Instead a common reaction to this burgeoning phenomenon – other than the popular ignoring it and hoping it will go away – is to try desperately to depersonalize social media which  is – by nature – a truly personal phenomenon.

Figures Lie and Liars Figure

One way to depersonalize social media is to focus upon the stats.  Make sure you only pay attention to statistics that can be easily imported into impressive PowerPoint graphics like graphs and pie charts.    Focusing on visitors, RSS subscribers and comment numbers is a great way to depersonalize your blog.

The bean counters in companies love stats – and quit honestly statistics have value – but allowing statistics to take center stage is a great way to depersonalize your social media presence.

One of the first places I start when I work with a client is to get a handle on the “stats” of their web presence.  I once had a client who had a 75% sign up rate for her email newsletter who contacted me because she wanted to change the copy one her web site to “improve” her newsletter sign up numbers.  Instead of changing her copy – we took a look BEHIND the stats.  She wasn’t getting a lot of traffic to her site – but the traffic she was getting was tightly targeted and very interested in her products and services.   The stats in this case gave us an opportunity to dig deeper – and discover what the “real” problem was.

The “real” problem – by the way – was that she had been making the rounds of the “internet marketing gurus” who were promising her quick, exponential, sustainable and profitable business growth.  (The preceding statement is an intentional oxymoron.  No morons were harmed in the creation of that statement.)

By digging into the “stats” – we could see that she was on track to create slow but sustainable and profitable growth.

Bots – Bots – Bots

Another way to depersonalize social media is to employ bots – automated programs which are poor attempts at mimicking human behavior.  Bots can be do -gooders.  Without bots you’d have no way to find the content you want on the trillions of pages available online.  However, bots can be evil.  Bots are why you have to enter characters displayed in an image to access content across the web.

In the early days of social media – you could purchase a bot program which would automatically go through and “befriend” people on MySpace.  Launch the program today and by next week you could have thousands of MySpace “friends” for your business. The problem with this strategy is that none of those “friends” – none of those connections – were “real”.

Those easily gained connections were great for the stats – they were great for inflating super sized egos – but they were absolutely awful when it came to conversions.

The real value of a blog for your business.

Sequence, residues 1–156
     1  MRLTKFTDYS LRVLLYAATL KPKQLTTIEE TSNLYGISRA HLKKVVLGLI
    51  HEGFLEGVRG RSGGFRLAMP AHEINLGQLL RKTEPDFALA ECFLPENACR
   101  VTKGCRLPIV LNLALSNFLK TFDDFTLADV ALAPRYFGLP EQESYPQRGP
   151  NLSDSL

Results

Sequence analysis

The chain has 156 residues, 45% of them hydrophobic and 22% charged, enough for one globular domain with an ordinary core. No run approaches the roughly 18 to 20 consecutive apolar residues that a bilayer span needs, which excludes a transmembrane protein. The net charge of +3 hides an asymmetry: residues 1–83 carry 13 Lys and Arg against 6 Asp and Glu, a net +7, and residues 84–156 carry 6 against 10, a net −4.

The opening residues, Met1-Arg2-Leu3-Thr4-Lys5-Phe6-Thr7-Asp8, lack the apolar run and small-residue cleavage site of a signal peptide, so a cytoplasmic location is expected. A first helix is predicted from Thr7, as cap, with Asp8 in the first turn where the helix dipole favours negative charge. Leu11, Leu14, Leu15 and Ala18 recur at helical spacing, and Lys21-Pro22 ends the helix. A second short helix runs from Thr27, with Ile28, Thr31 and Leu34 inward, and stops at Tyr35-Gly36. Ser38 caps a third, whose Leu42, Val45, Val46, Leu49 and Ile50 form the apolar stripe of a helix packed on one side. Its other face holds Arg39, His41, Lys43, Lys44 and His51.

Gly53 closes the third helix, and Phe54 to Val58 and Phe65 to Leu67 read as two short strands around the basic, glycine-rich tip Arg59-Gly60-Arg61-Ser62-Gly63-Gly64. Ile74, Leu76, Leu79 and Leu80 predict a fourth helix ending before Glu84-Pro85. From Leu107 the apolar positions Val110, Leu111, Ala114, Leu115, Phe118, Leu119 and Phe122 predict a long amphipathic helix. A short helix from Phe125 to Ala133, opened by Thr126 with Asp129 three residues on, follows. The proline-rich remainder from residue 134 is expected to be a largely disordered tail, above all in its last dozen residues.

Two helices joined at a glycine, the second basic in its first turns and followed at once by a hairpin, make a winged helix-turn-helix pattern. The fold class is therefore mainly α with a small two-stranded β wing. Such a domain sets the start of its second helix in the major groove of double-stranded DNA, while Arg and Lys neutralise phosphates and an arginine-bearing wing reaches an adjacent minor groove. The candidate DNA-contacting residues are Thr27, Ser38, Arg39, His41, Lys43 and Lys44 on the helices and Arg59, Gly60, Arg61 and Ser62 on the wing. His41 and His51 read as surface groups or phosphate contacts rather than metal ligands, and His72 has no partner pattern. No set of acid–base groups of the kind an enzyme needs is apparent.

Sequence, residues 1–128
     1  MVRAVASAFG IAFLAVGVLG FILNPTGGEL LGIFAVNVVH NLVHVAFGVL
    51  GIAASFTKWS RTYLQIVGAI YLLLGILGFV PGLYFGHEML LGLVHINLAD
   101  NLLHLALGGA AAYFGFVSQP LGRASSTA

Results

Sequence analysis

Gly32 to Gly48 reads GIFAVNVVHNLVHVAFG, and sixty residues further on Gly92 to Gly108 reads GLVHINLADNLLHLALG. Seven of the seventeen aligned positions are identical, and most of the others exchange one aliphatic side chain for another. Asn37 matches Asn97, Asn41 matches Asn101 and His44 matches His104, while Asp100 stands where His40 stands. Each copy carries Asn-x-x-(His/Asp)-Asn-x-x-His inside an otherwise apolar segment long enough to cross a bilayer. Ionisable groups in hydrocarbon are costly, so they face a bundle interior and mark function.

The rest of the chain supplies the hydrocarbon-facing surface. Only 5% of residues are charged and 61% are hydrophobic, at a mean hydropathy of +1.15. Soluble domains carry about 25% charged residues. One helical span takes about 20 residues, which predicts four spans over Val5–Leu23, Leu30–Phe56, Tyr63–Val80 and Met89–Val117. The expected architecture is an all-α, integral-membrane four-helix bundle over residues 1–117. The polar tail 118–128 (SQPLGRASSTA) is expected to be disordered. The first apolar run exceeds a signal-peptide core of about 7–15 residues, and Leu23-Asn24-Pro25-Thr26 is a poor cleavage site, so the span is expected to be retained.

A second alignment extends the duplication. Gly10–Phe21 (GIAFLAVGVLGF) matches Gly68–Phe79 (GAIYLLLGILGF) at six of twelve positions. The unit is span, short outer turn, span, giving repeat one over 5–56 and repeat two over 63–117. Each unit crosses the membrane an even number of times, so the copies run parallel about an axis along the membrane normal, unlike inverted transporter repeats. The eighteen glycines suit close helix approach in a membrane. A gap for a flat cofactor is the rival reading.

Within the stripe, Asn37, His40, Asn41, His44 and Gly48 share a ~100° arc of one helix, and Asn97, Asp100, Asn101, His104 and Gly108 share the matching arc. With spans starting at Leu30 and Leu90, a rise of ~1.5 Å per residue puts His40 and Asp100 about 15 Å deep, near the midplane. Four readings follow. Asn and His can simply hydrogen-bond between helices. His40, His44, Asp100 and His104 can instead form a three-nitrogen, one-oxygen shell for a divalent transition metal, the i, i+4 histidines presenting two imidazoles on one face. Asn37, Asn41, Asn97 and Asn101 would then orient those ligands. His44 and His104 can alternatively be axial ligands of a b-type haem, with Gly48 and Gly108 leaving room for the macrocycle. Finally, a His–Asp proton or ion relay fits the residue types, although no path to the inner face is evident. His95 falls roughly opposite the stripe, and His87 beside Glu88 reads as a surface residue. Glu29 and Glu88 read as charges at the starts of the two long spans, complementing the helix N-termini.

Blogs are great for your business because you can begin composing the never ending story of what your business does for real people.  As you create those blog posts they can actually rise to the top of long tail search queries – you know, the kind of search queries made by prospective customers who are seeking real information before they make an online purchase.

Then – when people who are actually looking for the products and services your business offers can – GASP- actually make a connection with you via your blog.   They can read – and then – they can ask a question – make a comment or even subscribe to your RSS feed to see when you share more information they need to know in order to buy.

So often – in the “web world” – we are guilty of using the term “visitors” or “users” instead of calling them what they really are – PEOPLE. In her blog post The Benefits Of Visualizing Your Future Customers, Cath Lawson shares that visualizing your future customers is a technique used by some of the most successful people in the world.  She points out that by visualizing your customers – as people and not faceless “visitors” – you can begin to shape your business to meet your customer’s needs.  I go on and on about the subject of viewing your customers as people with Goals – Desires – and Problems (GDP) and how to create marketing messages which speak to your target audience’s GDP in my book Beyond the Niche: Essential Tools You Need to Create Marketing Messages that Deliver Results.

You can’t expect a mindless bot to generate an insightful diagnosis based on a simple log file analysis.  However, when you start treating social media like it’s powered by people – people who want real connections – you’ll find social media is literally a goldmine of information you can use to connect with customers and build your business.

“insert name here” is not a good beginning….